We puzzle over why these disappointments happen. But it seems that drug effects in people are complex and hard to predict based on intermediary measures. Most drugs cause numerous changes at the same time, and we can only know the overall effect by focusing on patient outcomes.

Last month we published a study of two decades of experience with intermediate markers of risk, or surrogates, in cardiovascular trials. We identified 157 studies published in prestigious medical journals in which the surrogate outcomes indicated the drug or intervention was favorable. Only a quarter of these studies ever had a major follow-up study using patient outcomes. Of those, almost half reversed the initial conclusion.

Robert Califf, a former FDA cCommissioner, stated in an accompanying editorial that "one must question the simplistic approach to reducing standards for evidence across the board advocated by some — particularly when the FDA's existing accelerated approval programs show that it is possible to create working pathways for streamlined drug development while maintaining standards that ensure ample empirical evidence."

There are no shortcuts to knowing how a drug might affect what happens to people. A recent FDA report identified 22 case studies where early, small clinical studies found drugs in development to have beneficial effects, but later, larger more definitive studies found no evidence of benefit and, in some cases, evidence of harm.

The solution to speeding breakthroughs in medicine is not to take shortcuts in evidence generation, but to leverage emerging methods and networks that can potentially generate robust clinical evidence faster, cheaper and better. In a digital age, we can push for better evidence without sacrificing much time.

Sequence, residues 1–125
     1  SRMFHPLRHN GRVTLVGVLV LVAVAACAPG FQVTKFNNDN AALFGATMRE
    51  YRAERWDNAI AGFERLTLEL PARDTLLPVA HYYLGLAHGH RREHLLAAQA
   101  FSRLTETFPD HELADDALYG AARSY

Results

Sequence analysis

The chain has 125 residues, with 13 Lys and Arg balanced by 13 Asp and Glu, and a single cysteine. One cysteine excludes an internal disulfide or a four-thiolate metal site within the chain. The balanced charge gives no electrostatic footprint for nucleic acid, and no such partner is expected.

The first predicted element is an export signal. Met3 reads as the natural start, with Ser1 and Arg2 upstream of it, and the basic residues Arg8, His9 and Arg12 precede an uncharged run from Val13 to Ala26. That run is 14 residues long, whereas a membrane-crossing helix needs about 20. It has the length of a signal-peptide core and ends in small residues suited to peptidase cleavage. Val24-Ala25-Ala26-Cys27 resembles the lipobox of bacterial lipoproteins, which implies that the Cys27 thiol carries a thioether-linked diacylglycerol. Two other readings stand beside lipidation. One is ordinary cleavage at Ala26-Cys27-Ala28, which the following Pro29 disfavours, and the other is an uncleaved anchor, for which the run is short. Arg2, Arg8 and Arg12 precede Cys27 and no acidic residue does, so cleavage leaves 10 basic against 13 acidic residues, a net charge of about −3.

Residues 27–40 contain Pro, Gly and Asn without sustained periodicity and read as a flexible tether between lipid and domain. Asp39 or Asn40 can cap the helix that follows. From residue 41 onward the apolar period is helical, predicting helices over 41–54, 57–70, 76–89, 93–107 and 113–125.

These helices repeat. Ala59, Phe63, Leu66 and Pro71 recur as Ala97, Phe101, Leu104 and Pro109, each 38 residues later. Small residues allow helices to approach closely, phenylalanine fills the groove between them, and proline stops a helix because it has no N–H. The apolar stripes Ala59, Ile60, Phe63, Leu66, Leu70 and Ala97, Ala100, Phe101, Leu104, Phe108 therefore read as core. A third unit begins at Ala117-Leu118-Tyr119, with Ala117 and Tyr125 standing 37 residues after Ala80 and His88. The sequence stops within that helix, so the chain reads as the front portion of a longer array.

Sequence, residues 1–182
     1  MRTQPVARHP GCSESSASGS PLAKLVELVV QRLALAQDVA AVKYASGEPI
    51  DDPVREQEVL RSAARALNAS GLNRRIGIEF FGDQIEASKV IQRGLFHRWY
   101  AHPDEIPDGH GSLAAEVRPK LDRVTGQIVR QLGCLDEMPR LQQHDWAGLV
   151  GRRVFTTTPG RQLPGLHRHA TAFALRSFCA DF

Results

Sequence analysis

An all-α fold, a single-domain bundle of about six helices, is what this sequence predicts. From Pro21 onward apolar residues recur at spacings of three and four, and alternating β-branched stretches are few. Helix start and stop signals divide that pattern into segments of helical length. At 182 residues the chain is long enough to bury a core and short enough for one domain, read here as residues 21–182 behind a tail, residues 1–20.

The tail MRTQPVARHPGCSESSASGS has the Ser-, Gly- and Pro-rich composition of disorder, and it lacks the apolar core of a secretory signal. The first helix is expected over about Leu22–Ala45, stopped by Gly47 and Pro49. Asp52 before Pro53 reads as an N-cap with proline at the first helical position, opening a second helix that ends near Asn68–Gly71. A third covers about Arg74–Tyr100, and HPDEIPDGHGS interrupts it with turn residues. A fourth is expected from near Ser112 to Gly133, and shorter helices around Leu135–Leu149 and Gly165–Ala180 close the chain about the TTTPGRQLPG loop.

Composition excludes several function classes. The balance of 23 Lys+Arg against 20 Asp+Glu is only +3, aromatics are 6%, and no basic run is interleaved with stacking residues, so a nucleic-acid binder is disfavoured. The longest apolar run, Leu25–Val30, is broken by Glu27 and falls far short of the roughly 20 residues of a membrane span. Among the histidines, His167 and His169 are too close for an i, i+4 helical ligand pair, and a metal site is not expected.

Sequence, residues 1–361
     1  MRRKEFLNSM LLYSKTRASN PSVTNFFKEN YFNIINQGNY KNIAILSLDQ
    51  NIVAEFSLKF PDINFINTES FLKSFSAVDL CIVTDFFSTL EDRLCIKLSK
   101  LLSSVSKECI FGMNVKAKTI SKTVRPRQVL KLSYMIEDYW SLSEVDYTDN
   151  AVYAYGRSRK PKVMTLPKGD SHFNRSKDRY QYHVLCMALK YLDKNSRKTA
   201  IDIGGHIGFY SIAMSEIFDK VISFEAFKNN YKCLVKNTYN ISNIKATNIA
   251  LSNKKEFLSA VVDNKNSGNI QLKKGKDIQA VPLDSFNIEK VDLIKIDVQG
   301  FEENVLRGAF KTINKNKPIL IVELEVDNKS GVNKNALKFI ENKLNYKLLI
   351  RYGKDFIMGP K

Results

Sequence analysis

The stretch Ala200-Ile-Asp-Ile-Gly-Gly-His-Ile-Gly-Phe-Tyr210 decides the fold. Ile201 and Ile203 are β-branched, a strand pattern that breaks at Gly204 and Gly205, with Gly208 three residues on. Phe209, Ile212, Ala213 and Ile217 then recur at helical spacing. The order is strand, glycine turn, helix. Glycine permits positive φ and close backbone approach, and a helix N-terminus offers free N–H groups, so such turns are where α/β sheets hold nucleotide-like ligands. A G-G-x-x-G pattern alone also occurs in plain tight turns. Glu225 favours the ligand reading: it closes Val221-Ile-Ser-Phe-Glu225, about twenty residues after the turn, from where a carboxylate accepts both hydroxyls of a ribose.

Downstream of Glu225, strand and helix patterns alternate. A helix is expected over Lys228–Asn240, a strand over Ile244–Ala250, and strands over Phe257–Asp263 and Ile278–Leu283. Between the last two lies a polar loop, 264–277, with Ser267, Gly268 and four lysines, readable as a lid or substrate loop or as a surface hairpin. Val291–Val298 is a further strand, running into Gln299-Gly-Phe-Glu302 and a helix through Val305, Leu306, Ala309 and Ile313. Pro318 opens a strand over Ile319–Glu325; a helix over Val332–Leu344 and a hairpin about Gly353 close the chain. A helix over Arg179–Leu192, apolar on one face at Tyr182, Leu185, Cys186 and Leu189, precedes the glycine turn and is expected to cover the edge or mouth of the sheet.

One example is the Patient-Centered Research Foundation that is leveraging relationships with patients and health systems, as well as the digital transformation in health data to innovate knowledge generation. With new approaches, even for outcomes that occur years or decades later, we can be poised to collect data that are accumulating over time at much lower cost and more efficiently than was previously possible.

Before any drug is approved, regulators must always take into consideration the available options and the threat of the condition. And if at times approval is made on less than strong evidence, then we need to acknowledge its weakness and commit to acquiring more. And we also need to ensure that each person who receives any drug approved under those circumstances is aware of our collective uncertainty of the drug's risks and benefits and monitored closely.

In the end, shortcuts will generally not serve us best. They may be necessary at times, but the knowledge that the evidence is not strong should push us to redouble our efforts to create the means to rapidly generate the evidence we need and the public deserves.

Harlan Krumholz is a cardiologist and the Harold H. Hines Jr. Professor of Medicine at Yale School of Medicine. He directs the Yale-New Haven Hospital Center for Outcomes Research and Evaluation and is a co-director of the Robert Wood Johnson Foundation Clinical Scholars Program. Joseph Ross is a primary care physician and an associate professor of medicine and public health at Yale School of Medicine.